Kaspersky

Network Monitor - APT capture

  • 13 September 2020
  • 4 replies
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Seeing that Network Monitor suppose to capture all network traffic, wouldn’t this be a great source for tracking down an APT ? 

 

APTs create C2C channel (command and control) which communicates with the threat actor. Does Kaspersky capture this communication in Network Monitor ?  Is it possible to have communication that isn’t captured by Network Monitor ? 

 

I’m assuming Network Monitor also captures UDP traffic as well but I can’t confirm. 


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Hi @celsurf

APTs create C2C channel (command and control) which communicates with the threat actor. Does Kaspersky capture this communication in Network Monitor ?  Is it possible to have communication that isn’t captured by Network Monitor ? 

I’m assuming Network Monitor also captures UDP traffic as well but I can’t confirm. 

Yes, Network Monitor shows activity of all apps. 

UDP is monitored as well. 

Please also take into account that protection is complex, and APTs would also be controlled by Application Control, System Watcher, File Anti-Virus, Web Anti-Virus and Firewall. 

Regards,

Igor

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Please also take into account that protection is complex, and APTs would also be controlled by Application Control, System Watcher, File Anti-Virus, Web Anti-Virus and Firewall.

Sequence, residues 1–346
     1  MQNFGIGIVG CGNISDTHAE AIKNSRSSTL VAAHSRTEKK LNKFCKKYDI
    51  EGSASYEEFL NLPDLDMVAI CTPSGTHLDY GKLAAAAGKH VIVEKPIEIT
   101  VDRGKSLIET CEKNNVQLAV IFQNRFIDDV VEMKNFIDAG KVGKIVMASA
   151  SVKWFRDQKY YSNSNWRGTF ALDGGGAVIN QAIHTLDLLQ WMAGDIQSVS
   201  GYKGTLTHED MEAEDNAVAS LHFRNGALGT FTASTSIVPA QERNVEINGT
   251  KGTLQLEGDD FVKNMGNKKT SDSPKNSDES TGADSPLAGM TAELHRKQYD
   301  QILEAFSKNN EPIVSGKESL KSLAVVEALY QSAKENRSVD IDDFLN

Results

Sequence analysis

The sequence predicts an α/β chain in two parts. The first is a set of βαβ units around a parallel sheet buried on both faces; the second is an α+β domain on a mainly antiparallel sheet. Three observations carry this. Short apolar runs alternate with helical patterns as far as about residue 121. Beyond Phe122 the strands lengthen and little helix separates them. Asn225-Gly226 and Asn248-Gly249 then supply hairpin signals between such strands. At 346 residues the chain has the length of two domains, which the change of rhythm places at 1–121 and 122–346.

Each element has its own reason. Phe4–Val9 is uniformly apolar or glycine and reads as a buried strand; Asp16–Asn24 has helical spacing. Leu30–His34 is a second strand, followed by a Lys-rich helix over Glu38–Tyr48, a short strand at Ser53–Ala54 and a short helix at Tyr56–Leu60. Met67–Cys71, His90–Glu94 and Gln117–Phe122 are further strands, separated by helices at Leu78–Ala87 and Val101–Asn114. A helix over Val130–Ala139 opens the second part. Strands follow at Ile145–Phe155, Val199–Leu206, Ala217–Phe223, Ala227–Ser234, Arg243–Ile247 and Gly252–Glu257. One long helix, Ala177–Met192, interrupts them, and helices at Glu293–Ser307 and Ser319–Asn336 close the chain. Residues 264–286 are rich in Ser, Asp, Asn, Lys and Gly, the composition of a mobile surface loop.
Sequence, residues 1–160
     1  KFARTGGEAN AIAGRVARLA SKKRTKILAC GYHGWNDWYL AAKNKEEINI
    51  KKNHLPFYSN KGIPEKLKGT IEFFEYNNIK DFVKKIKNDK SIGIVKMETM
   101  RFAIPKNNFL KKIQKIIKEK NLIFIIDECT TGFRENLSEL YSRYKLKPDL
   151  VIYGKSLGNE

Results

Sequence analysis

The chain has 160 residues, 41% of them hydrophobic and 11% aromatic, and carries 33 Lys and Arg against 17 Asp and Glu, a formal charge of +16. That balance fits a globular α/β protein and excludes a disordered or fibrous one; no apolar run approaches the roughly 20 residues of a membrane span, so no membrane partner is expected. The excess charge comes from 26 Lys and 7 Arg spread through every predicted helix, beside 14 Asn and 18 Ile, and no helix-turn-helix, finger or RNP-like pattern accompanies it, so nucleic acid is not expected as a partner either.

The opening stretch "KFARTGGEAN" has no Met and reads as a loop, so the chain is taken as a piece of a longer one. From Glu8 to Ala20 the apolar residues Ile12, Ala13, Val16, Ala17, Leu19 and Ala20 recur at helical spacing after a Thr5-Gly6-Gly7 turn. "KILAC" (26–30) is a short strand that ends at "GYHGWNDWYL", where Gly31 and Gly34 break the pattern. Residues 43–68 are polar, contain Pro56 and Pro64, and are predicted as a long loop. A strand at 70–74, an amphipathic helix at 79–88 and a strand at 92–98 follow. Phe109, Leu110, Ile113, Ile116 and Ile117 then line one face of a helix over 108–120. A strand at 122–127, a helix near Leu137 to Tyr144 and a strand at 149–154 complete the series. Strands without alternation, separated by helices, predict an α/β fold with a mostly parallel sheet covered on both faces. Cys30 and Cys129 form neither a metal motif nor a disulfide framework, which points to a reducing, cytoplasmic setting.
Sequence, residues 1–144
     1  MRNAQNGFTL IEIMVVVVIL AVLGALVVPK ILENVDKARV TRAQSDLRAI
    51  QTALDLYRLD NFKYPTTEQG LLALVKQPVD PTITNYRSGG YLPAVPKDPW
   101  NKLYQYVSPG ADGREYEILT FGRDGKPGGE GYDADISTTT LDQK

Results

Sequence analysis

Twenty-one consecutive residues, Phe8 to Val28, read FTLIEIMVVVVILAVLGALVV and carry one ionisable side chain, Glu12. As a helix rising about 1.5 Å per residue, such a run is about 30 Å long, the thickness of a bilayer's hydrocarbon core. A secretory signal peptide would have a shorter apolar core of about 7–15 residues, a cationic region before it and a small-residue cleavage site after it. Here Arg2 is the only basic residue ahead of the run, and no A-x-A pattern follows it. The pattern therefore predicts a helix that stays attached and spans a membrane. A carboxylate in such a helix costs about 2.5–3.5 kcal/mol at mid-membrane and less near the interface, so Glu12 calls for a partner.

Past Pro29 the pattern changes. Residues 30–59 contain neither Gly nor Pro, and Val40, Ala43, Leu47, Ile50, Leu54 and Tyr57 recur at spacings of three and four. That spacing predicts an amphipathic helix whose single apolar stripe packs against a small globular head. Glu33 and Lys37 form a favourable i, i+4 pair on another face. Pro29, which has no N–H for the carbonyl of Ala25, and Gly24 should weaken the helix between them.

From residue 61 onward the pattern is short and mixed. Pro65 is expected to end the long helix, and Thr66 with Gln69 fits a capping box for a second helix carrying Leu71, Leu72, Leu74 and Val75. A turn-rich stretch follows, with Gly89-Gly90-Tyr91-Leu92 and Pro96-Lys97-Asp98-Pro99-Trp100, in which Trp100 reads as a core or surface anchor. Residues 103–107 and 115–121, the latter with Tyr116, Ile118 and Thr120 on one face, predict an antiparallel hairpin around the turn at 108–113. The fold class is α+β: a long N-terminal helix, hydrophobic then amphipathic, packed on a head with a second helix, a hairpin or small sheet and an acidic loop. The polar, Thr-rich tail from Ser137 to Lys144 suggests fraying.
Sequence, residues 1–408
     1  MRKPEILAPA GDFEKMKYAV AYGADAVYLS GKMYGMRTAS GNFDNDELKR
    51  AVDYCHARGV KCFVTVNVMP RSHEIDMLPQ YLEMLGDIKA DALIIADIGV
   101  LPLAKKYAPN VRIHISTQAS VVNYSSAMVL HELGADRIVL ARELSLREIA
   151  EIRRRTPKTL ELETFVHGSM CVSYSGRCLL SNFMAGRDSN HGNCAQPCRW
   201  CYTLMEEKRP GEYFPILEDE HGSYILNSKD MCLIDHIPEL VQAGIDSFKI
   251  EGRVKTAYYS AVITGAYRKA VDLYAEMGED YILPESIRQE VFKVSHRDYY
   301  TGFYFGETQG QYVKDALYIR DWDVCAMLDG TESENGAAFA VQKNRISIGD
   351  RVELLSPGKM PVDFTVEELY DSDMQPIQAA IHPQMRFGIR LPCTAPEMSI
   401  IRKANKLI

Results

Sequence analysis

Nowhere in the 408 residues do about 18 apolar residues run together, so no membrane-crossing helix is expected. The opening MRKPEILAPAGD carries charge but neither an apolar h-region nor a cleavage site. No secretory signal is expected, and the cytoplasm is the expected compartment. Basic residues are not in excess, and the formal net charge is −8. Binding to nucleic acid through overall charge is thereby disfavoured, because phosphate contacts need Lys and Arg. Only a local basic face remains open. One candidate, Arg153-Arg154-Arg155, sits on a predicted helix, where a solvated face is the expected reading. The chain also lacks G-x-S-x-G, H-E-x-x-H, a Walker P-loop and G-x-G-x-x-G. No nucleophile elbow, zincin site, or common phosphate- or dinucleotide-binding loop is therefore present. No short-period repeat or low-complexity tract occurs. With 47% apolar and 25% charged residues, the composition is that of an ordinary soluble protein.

If a very sophisticated APT was able to avoid detection by Application Control, System Watcher, File Anti-Virus and Firewall, wouldn’t it still be logged in Network Monitor assuming it tries to setup a command and control (C2C) communication ?

Is it possible that this C2C communication can  ‘hide’ itself within other legitimate Windows processes/apps that are running at the time ? ie. Chrome or Explorer.  (If that is possible, then C2C communication can take place without easily being seen)

 

What I’m trying to determine is if C2C communication will ALWAYS be logged by Network Monitor and easily spotted. (I am not a security expert and don’t know if APTs go to great lengths to hide their communication from being logged) 

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I did some research and came across this interesting bit from MITRE

It makes note of items that are logged as well as C2 communications.

 

Would be great to see how Home security products stand up to these APT tests. 

 

https://attackevals.mitre-engenuity.org/APT29/results/kaspersky/

 

 

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If a very sophisticated APT was able to avoid detection by Application Control, System Watcher, File Anti-Virus and Firewall, wouldn’t it still be logged in Network Monitor assuming it tries to setup a command and control (C2C) communication ?

Yes, Network Monitor would show the network activity of the application. 

Is it possible that this C2C communication can  ‘hide’ itself within other legitimate Windows processes/apps that are running at the time ? ie. Chrome or Explorer.  (If that is possible, then C2C communication can take place without easily being seen)

Taking into account other protection components, such as Application Control and System Watcher, this scenario is hardly probable. 

What I’m trying to determine is if C2C communication will ALWAYS be logged by Network Monitor and easily spotted. (I am not a security expert and don’t know if APTs go to great lengths to hide their communication from being logged) 

Yes, we expect it to be logged by Network Monitor.

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